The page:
Barron Park History on Exhibit at Main Library

by Doug Graham, History Committee Chair

February was "Barron Park History Month" at the Palo Alto Main Library. Featured on the exhibit board in the reading room was Doug Graham's exhibit of photographs and maps from the agricultural era in our history, 1919-1946. On display were some never-before-public photographs of our neighborhood during the 1930s and 40s, showing orchards and open fields stretching to the foothills. There were also photographs of the El Camino strip, the dairy, auto camps and the California Military Academy in the old Wallis-Barron mansion. Numerous favorable comments were noted by the Palo Alto historian and the reference librarians. Another exhibit is tentatively scheduled for January, 1997.

The exhibit was seen by a descendant of Professor Carruth, who has asked for a copy of the references. Stanford English Professor Carruth founded and named the Roble Ridge neighborhood in the 1920s. Concurrently, a Sausalito resident who grew up in the Roble Ridge house originally built by Carruth has contacted us to tell us that she is researching Carruth¹s life ‹ her contact was stimulated by the story in the Winter issue of this newsletter. All this should lead to much information on life on Roble Ridge from the 1920s through the 1950s.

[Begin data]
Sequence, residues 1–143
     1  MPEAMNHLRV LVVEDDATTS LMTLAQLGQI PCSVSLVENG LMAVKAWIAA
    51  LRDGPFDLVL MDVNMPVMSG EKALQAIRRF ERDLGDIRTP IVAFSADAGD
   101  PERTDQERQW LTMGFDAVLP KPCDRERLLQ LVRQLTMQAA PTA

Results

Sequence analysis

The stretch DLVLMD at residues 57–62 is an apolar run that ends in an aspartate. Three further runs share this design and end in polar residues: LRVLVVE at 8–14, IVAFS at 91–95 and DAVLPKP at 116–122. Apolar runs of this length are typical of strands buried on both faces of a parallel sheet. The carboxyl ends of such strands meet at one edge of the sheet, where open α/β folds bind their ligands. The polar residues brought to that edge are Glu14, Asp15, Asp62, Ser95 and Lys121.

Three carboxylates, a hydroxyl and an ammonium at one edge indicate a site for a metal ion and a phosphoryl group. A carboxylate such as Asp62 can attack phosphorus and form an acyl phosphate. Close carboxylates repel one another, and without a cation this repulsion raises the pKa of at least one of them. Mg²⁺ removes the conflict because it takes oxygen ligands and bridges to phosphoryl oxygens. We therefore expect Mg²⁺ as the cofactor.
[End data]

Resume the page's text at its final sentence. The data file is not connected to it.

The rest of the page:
Also this month, an important accession of historical materials occurred. Kees Bol has donated surviving financial records of the Emway Mutual Water Company (later the Barron Park Water Co., popularly known as the Bol Water Co.) to Doug Graham for Barron Park history research. Ultimately, they will go to the Palo Alto Historical Association archives. These records include the entire checkbook history of the company from the founding in 1934 through sale to the City of Palo Alto in 1953. There are also two large bound ledgerbooks containing customer account records from the 1950s. This is a goldmine for present and future local historians.

Please take note; if you have any old papers or photographs -- especially photographs -- lying around, check with Doug Graham to see if they are of historical interest. They probably are. We can scan them while you wait, so we'll have a digital record, and you take your photos home with you. You can reach Doug at 493-0689.

Many of the photographs shown will be available in scrapbooks at the May Fete, and will appear in the planned 100-page History of Barron Park presently being written.

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